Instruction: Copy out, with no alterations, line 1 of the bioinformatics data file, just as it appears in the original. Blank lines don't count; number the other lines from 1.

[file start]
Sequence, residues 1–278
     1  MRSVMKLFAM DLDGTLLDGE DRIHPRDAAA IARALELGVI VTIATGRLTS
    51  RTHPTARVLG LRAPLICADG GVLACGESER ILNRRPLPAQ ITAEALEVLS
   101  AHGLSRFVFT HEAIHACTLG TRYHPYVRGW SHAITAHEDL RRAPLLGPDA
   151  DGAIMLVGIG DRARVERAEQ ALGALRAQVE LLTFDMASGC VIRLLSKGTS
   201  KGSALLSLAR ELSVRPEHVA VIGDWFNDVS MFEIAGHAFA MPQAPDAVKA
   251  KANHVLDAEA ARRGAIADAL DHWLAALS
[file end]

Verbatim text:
Sequence, residues 1–278